Planet Business

The Dyson Supersonic, ‘accidental pirates’ and Warren Buffett’s 92-year-old sidekick

 

Image of the week: Peak virtual

Yes, these are the fingers on the nuclear button, but what do they look like viewed in virtual reality? Only Barack Obama knows. The US president made front pages this week alongside German Chancellor Angela Merkel as both leaders gamely sported a Google Cardboard thingy equipped with a PMD CamBoard pico flexx (it says here) and hand-tracking software. Only a picture of the Queen wearing an Oculus Rift, or perhaps the Dalai Lama with a HTC Vive, can top it. Elsewhere at the Hanover Messe, the world’s largest industrial trade fair, Obama spent some time hanging with Siemens, which gave him golf clubs designed with its software. “I’m going to teach Angela how to play,” said Obama, to which Angela looked only thrilled.

In Numbers: Hairdryer treatment

€399

Cost of Dyson’s first personal care product, the Supersonic, a hairdryer that makes less noise and doesn’t overheat hair as much, thereby causing less styling damage than normal hairdryers. Form an orderly queue at Dyson.ie.

£50 million

Sum that Dyson pumped into research and development (R&D) for the Dyson Supersonic. The salon sales alone should make their outlay back for them.

1,625

Kilometre of hair on which Dyson tested the device, which uses the same airflow principles as Dyson’s desk fans – which are probably also better at drying hair than most actual hairdryers.

The lexicon: Accidental pirates

Anyone who uses the internet is an “accidental pirate”. Some of them are totally conscious, deliberate pirates, too, and some are professionals. But it’s the “accidental pirates” that Getty Images is worried about. The photo agency, representing more than 200,000 photo-journalists and artists, says it will file a competition lawsuit with the EU against Google, arguing that changes to Google’s image searches promote piracy. Its case is that because image consumption is immediate, once an image is displayed in large format by Google, there is little reason for the users to continue to the original source site of a picture they are viewing, resulting in widespread copyright infringement. It’s accidental piracy at first sight.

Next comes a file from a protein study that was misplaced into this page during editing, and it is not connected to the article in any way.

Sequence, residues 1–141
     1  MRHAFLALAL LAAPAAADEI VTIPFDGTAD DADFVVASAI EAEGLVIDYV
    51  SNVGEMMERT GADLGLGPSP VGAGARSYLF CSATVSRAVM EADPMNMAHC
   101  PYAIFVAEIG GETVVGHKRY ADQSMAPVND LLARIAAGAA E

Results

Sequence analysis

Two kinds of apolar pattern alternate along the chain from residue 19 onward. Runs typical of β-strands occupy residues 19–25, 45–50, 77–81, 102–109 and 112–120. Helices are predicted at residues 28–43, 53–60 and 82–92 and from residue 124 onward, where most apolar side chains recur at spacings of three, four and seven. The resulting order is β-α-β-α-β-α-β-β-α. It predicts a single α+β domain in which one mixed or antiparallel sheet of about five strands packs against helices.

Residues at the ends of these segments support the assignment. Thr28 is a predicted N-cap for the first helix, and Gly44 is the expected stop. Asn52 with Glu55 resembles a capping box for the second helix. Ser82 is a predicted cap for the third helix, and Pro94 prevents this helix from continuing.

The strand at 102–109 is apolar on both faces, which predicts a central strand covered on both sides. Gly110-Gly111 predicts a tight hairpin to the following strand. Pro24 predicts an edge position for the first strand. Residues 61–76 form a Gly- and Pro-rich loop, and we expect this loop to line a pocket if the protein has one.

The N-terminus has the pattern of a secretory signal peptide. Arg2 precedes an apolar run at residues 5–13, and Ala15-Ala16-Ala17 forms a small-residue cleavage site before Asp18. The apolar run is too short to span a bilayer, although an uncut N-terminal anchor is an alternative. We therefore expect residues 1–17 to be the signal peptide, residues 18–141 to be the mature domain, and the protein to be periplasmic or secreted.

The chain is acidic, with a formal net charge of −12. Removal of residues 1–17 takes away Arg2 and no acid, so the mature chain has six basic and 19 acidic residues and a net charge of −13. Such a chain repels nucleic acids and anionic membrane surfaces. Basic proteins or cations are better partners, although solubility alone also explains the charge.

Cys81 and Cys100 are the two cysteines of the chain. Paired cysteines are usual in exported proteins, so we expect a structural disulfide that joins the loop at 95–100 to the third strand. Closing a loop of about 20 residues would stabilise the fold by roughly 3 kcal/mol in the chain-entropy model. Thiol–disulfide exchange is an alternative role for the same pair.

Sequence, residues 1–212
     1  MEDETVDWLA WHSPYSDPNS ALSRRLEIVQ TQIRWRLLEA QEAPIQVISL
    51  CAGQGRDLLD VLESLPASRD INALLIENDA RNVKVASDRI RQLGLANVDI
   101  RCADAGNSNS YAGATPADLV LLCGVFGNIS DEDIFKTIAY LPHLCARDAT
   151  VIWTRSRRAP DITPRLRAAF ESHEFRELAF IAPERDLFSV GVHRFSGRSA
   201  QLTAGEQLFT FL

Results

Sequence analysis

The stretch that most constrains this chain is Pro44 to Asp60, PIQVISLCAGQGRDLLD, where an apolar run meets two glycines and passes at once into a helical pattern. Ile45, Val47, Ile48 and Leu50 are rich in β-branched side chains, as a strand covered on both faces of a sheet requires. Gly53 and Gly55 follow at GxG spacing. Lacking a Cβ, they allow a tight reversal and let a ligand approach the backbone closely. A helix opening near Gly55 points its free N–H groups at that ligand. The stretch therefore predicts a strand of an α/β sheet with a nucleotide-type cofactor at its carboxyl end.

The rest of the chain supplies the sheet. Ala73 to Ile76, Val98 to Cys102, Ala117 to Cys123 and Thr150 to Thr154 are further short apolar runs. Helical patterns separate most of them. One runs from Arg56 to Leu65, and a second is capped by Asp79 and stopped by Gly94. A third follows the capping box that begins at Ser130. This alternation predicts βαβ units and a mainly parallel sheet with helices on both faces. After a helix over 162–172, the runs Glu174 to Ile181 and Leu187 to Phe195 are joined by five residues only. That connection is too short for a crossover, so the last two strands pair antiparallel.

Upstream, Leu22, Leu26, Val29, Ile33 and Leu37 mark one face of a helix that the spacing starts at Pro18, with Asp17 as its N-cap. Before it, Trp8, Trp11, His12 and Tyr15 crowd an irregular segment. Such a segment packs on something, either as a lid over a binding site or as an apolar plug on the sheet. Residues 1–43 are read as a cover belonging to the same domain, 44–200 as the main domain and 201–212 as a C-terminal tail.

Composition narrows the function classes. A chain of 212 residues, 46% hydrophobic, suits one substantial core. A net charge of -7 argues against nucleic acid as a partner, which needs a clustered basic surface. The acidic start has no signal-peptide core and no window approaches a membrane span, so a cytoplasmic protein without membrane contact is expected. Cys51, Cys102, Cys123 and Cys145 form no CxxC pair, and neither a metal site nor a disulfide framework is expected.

Getting to know: Charlie Munger

Charlie Munger is Warren Buffett’s “92-year-old sidekick”, as Bloomberg puts it, and more officially the vice-chairman of Berkshire Hathaway. A billionaire and fount of investment wisdom in his own right, Munger was a meteorologist in the US Army Air Corps during the second World War, went to Harvard Law School in the late 1940s and met Buffett at a dinner party in 1959. His pearls include the following advice: “Invest in a business any fool can run, because someday a fool will. If it won’t stand a little mismanagement, it’s not much of a business.” The secret of his success: “We recognised early on that very smart people do very dumb things, and we wanted to know why and who, so we could avoid them.” The annual Berkshire Hathaway shareholders meeting takes place this weekend.

The list: Retail failures

BHS, aka British Home Stores, has gone into administration, amid laments that it was not catering to the needs of the 21st-century consumer. The department store chain, which has four outlets in Northern Ireland, could join these names that have disappeared from the streets.

1 Clerys

The highest-profile Irish retailer to close and much-missed in Dublin. The fallout from how its staff were treated may yet prompt employment law reform.

2 Woolworths

An emporium of affordable amazingness in its heyday.

3 Virgin Megastores

These still exist in the Middle East, but they’re now a distant memory for Irish shoppers. Much of its Aston Quay store is now a SuperValu.

4 Fresh & Easy

Tesco’s venture into the Californian grocery market, initiated at the height of its Noughties pomp, was an unmitigated disaster.

5 Borders

US books and coffee merchants Borders began to expand internationally in the late 1990s but its ambitious schemes all sadly unravelled.

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